A Shot in the Dark (1964 film)

A Shot in the Dark is a 1964 British-American DeLuxe Color comedy film directed by Blake Edwards in Panavision. It is the second installment in The Pink Panther film series, with Peter Sellers reprising his role as Inspector Jacques Clouseau of the French Sûreté.

A Shot in the Dark
Theatrical release poster
Directed byBlake Edwards
Produced byBlake Edwards
Screenplay by
Based on
Music byHenry Mancini
CinematographyChristopher Challis
Edited by
Distributed byUnited Artists
Release date
June 23, 1964
Running time
102 minutes
  • United Kingdom
  • United States
Box office$12,368,234[1]

Clouseau's blundering personality is unchanged, but it was in this film that Sellers began to give him the idiosyncratically exaggerated French accent that was to later become a hallmark of the character. The film also marks the first appearances of Herbert Lom as his long-suffering boss, Commissioner Dreyfus, as well as Burt Kwouk as his stalwart man servant Cato and André Maranne as François, all three of whom would become series regulars. Elke Sommer portrays the murder suspect, Maria Gambrelli. The character of Gambrelli would return in Son of the Pink Panther (1993), this time played by Claudia Cardinale, who appeared as Princess Dala in The Pink Panther (1963). Graham Stark, who portrays police officer Hercule Lajoy, would reprise this role eighteen years later, in Trail of the Pink Panther (1982).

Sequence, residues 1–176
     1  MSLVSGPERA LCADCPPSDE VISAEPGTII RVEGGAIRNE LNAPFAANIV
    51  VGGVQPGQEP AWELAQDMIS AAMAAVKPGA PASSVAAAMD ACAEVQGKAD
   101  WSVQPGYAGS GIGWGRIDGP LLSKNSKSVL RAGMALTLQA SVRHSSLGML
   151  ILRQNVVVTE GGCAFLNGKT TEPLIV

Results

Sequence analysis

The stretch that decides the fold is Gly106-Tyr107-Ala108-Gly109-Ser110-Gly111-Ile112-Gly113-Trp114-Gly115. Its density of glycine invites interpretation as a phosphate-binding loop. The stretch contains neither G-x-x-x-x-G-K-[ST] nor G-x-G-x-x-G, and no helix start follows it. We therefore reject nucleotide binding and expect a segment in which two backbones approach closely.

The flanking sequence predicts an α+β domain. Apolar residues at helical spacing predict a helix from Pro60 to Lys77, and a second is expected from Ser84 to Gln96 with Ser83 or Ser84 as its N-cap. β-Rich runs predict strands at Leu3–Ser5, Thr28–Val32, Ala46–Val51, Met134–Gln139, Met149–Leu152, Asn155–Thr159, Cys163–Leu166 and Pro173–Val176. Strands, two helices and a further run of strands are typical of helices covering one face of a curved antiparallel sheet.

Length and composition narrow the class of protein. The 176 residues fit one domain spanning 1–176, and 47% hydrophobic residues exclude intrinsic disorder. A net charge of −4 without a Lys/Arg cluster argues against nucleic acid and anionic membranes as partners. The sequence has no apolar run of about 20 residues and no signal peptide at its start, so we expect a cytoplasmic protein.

The film was not originally written to include Clouseau, but was an adaptation of a stage play by Harry Kurnitz adapted from a French play L'Idiote by Marcel Achard.[2] The film was released only a few months after the first Clouseau film, The Pink Panther.